I Love Cookies, but They are a Sometimes Food

December 28, 2010


Two weekends ago I made over 400 cookies. I made two kinds of jam thumbprints, I made a crazy pistachio layer cookie, I made Spritz cookies for the first time, and I made my always popular chocolate chip oatmeal and chocolate oatmeal peanut butter chip cookies. I ate not a single one. I know it seems extreme, but there’s no way to tell how many calories are in a homemade cookie and I couldn’t risk it because my doctor has me on a new, even lower calorie diet.

I made the appointment over a month ago and it took me a while to get in to see the doctor but in the end I’m glad I persevered. I admit that I went in thinking, “I hope she just prescribes a diet pill.” I was that frustrated. I was eating 1200 calories a day (except on Thanksgiving and Thanksmas) and working out like a crazy person and I wasn’t losing weight. I suspected (and was right, it seems two weeks later) that the blood pressure medication I had been started on three years ago not only lead to my rapid weight gain, but was hindering the loss of that weight. Additional factors like my advancing age* and prior eating disorder had done a whammy on my metabolism. Add in a failing thyroid and I had the perfect storm for weight gain.

I’m not blaming all of this on my health, certainly after the initial weight gain there was a shame and despair cycle of eating emotions and sitting around when I couldn’t lose weight using tried and true methods of calorie counting and working out. I was frustrated and I was scared. Bad behaviors were looking more and more appealing as my wedding, and my friend Susan’s wedding, crept ever closer. I couldn’t stand the idea of being in more wedding photos and not liking what I saw.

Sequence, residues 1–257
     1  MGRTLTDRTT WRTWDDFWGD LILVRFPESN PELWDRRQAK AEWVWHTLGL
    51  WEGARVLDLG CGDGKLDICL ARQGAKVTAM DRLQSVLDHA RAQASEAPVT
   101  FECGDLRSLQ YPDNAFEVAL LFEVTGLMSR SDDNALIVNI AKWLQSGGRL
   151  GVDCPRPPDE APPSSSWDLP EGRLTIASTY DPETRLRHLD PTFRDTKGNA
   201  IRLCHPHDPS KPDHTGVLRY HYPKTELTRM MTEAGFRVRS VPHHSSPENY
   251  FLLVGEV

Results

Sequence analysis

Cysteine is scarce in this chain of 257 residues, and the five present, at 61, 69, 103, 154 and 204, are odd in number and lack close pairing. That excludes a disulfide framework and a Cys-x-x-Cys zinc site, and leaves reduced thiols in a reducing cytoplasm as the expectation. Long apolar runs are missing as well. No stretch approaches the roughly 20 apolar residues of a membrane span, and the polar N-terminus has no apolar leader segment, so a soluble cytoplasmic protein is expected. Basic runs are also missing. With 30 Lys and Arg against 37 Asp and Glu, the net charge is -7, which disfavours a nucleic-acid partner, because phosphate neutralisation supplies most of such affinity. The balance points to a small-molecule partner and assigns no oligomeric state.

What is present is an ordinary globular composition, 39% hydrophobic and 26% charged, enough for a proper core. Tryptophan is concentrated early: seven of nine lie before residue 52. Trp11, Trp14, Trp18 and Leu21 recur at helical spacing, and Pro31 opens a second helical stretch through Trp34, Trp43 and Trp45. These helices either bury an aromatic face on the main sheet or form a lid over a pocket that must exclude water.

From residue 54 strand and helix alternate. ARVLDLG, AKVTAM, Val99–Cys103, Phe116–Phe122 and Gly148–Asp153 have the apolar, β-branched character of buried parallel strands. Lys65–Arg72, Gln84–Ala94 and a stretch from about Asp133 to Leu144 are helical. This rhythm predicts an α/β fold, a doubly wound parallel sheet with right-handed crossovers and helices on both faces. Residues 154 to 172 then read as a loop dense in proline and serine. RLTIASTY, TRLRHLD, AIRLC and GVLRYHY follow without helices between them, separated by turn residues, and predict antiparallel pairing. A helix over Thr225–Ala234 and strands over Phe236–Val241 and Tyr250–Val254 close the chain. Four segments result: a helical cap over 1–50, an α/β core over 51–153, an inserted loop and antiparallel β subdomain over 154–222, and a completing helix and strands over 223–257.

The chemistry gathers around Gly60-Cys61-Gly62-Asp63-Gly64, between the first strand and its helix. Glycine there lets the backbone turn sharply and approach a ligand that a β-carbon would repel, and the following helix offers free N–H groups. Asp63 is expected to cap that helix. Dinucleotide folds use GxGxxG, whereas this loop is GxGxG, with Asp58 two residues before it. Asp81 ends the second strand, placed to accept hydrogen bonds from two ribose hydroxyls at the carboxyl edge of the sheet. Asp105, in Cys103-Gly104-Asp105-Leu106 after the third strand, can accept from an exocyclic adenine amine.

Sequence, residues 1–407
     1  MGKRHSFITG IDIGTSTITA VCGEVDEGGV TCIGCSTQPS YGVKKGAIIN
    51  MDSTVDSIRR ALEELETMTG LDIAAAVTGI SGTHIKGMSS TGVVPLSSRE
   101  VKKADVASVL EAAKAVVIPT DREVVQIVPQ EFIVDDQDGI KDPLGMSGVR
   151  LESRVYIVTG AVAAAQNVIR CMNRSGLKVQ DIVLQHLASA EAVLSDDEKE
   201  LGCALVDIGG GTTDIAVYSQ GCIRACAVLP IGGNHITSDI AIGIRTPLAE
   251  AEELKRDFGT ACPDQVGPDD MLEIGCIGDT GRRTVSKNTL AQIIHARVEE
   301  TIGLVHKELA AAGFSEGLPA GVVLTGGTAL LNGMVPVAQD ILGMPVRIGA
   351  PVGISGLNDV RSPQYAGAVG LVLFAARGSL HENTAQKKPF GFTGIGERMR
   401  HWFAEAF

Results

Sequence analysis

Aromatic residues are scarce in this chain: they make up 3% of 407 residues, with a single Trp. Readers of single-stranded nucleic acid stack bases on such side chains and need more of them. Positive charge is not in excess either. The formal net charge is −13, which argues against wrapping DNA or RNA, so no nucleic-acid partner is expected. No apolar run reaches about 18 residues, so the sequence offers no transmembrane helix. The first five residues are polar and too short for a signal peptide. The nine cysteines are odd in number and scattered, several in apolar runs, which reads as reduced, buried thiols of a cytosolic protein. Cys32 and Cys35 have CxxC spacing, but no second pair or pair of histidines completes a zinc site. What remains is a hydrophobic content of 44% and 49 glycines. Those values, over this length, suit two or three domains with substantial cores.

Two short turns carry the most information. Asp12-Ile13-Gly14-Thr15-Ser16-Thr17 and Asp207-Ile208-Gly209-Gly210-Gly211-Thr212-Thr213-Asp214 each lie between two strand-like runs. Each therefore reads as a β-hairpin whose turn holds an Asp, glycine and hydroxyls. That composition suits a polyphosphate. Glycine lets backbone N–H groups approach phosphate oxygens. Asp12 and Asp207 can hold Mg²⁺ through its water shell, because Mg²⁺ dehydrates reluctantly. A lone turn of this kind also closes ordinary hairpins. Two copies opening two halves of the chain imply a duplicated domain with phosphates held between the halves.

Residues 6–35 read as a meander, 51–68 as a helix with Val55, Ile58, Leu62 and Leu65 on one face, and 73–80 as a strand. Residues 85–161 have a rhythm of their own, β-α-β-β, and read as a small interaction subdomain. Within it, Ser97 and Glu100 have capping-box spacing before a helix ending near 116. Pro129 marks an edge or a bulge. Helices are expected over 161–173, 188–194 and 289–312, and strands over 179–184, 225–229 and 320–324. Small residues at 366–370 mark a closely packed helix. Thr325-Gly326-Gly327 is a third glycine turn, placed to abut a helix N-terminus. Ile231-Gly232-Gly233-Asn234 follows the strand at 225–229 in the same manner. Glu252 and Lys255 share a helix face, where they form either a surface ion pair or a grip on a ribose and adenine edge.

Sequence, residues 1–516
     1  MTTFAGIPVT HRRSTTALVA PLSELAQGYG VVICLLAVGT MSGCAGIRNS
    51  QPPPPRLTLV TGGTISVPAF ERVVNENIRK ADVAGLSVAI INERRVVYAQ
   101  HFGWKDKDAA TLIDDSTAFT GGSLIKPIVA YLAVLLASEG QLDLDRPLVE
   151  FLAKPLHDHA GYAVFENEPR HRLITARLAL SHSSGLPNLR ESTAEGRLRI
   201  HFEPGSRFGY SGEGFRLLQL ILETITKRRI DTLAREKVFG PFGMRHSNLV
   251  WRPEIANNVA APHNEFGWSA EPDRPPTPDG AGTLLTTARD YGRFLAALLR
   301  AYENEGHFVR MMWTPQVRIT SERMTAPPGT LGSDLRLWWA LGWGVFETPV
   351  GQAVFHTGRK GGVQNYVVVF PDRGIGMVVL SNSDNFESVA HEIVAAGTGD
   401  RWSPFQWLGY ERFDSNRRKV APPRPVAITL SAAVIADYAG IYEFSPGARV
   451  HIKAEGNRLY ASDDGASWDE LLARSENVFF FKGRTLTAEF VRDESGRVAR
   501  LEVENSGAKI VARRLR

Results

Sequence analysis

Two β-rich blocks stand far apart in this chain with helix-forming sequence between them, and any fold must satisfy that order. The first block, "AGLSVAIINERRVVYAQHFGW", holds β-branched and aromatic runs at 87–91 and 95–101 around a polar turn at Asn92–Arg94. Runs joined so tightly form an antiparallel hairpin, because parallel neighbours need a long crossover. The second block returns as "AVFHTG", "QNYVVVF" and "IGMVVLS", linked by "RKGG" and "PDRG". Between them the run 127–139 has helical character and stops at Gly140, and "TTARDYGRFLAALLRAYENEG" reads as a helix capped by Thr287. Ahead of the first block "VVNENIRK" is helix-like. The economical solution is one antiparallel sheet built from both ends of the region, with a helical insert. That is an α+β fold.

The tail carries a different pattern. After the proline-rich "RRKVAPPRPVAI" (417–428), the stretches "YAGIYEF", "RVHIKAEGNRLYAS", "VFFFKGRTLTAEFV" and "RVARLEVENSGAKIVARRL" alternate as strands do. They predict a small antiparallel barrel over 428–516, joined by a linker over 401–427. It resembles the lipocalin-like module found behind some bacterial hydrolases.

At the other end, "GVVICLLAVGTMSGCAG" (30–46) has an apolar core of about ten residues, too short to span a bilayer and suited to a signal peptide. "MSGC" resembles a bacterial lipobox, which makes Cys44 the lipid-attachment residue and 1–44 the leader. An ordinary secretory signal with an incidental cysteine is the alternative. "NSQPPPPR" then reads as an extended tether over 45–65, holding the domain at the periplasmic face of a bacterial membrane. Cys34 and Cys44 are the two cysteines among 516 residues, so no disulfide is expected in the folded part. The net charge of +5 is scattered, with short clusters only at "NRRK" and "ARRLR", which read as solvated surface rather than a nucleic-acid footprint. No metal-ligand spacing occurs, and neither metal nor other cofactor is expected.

It turns out that I was doing all the right things, but they needed some tweaking. With my doctor’s guidance I’ve been engaging an even lower calorie diet and a lower impact workout, and I’ve changed my blood pressure medication, and the weight is melting off – rapidly.

Back to the cookies though – it’s the holiday season and there is food everywhere. The building my office is in dropped off individual bundt cakes for everyone in our office a few weeks ago. (I don’t like cake, so this wasn’t really an issue.) Everyone is making cookies, bringing in candy, and going out to eat. This is the worst time of year to be on any kind of diet, as far as I’m concerned.

Topping all of that off is the fact that no one has boundaries with food. People think nothing of guilt tripping people to eat after someone says, “No thank you, I’m on a diet.” The number of people who have said, “Oh, come on, it’s just one day!” or “But it’s Christmas!” to me in the past two weeks are impossible for me to even keep track of at this point. It’s both frustrating and fascinating. Much like my new pass time of counting food commercials during primetime television (try it sometime, it’s shocking) trying to figure out why people encourage other people to indulge in food they don’t want or need is something that I am clamoring to understand. I’m sure that at some point I’ve probably contributed to it, but I can’t remember ever being so insistent after someone says no.**

What makes normally friendly and supportive people try to sabotage their friends in this way?

Please note: I do NOT recommend in engaging in a diet as extreme as the one I am on without medical guidance or intervention. It does come with its own risks and is not something that most people need to do. Go to your doctor and talk to him or her about your concerns if you’re having issues. A low calorie diet is not appropriate for everyone and you may have other health issues that a weight gain is masking.

*That’s right. Advancing age. My normally very kind and gentle doctor, essentially, called me old during our last appointment.
** For the record, I try not to give sweets and cookies to people who are on diets themselves. I usually offer and options like a bundle of cookies or a box of healthy treats to people I know are actively trying to lose weight.

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